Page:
“As a food truck festival company, we knew it would be a very long time before we would be allowed to have thousands of people in one place enjoying food from dozens of food trucks,” says founder Anne-Marie Aigner.
Truckers are masked and gloved, and they arrive in the neighborhood ready to dole out preorders.
“People really love a food truck coming to their block, and the food trucks appreciate the business,” Aigner says. “[Trucks] lived on office workers, tourists, students, and walk-by urban traffic, so StrEATs has been a big help with so much remote working and schooling. We’ve found that folks are grateful for another safe option, and the food trucks are extremely grateful for the business.”
Mary McPartland from Frozen Hoagies is a StrEATer.
“I’ll do whatever I need to do to keep money coming in,” she says.
She recently shuttered her Somerville storefront and now relies on business from a Winchester brick-and-mortar as well as from her truck. She specializes in ice cream cookie sandwiches, but she’ll pivot to doughnuts, warm cider, and baked goods as it gets cooler.
StrEATS has been helpful to get the word out about her business, and it’s also a handy way to dodge delivery fees from delivery services such as GrubHub. Instead, she’s putting food into the hands of customers directly, and chatting up her business in the process.
“People ask me for business cards. Even if it doesn’t help right now, it will in the future. It builds a better reputation,” she says.
Whoopie Wagon, a Topsfield-based sweets truck, also participates in StrEATS. They’ve refocused their business away from Boston, where they parked at City Hall and on the Greenway, focusing instead on smaller communities such as Gloucester and Tewksbury. They also run shops in the northern suburbs.
“Our stores are busier than usual. There are a lot more people in the suburbs,” says owner Mary Bandereck. “Nobody has really been down in Boston during the springtime.”
The city has recognized the problem. This summer, Mayor Marty Walsh announced a food truck pilot program, aiming to place vehicles into residential areas with higher foot traffic while waiving site fees.
“It was the first time we ever welcomed trucks into neighborhood locations that weren’t commercial or tourist locations. We wanted to bring the trucks to where people are. We tried to put a truck in every single neighborhood,” says Natalia Urtubey, director of small business in the mayor’s office of economic development.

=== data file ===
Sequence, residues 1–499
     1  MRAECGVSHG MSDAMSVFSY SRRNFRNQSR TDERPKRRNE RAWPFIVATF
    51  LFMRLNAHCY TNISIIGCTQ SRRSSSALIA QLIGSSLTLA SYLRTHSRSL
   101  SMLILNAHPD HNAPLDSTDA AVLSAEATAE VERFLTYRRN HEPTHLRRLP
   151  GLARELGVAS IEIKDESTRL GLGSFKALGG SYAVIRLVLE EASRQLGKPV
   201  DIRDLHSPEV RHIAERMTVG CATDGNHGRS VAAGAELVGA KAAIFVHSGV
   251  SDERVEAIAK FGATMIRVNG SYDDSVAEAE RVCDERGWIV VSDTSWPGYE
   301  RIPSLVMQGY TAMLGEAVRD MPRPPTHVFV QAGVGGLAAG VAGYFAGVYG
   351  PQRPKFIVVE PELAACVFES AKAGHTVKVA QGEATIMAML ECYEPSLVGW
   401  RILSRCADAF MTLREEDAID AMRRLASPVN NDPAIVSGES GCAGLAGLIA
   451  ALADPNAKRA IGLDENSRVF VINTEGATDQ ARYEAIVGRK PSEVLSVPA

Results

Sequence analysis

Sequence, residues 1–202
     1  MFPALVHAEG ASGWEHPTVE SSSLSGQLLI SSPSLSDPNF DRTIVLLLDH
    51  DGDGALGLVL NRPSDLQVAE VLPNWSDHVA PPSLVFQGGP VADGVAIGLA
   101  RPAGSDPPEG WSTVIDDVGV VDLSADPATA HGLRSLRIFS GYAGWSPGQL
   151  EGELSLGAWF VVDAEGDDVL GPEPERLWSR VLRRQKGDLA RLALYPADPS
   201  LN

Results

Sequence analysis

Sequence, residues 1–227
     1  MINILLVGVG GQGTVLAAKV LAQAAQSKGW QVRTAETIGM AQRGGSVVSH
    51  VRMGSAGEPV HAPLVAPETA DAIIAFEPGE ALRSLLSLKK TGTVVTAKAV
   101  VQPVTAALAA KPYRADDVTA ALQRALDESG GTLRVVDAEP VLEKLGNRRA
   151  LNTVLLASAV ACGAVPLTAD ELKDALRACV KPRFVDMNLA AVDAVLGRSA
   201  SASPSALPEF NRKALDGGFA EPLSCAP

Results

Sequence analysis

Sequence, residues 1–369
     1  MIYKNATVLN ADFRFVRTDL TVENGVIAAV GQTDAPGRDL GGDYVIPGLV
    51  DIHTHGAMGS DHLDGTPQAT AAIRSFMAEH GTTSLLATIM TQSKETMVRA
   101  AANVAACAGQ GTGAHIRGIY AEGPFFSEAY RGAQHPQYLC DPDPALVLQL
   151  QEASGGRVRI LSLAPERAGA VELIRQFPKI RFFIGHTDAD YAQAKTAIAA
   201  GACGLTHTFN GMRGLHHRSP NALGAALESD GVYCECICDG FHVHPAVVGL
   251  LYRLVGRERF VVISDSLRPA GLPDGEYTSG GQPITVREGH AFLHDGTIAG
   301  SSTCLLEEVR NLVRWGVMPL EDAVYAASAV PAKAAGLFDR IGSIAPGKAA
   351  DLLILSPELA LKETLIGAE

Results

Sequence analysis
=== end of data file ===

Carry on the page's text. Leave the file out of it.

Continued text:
Some neighborhoods fared better than others. Trucks at Franklin Park and West Roxbury did well; those in Charlestown and Chinatown struggled, she says. Her office is contemplating new locations in the future.
Other separately run city locations, such as the Greenway, have also tried to be more hospitable to trucks. Richard Cambriello from Daddy’s Bonetown Burgers is grateful for the Greenway’s willingness to negotiate on site fees — including waived fees in March and April. But in a quiet city, it might not be enough. Instead, he’s banking on parking at breweries throughout the winter, such as Night Shift in Everett, as well as catering and private parties.
“Just the other day, I was in front of our commissary and a woman walked by, asking me about my food truck. She told me her son was coming home from Colorado, and she wanted to do something fun for him. She said there wouldn’t be too many people and that she would pay cash. I said, ‘Now, you’re talking my language!’ ” he says. “A few hundred dollars and home by 7 p.m.? I signed up for that.”
Ultimately, though, these businesses depend on foot traffic, not one-off parties.
“We’ll just keep trucking along, no pun intended.” Moyzilla’s Moy says. “But there really is no easy answer. It has not been a profitable time.”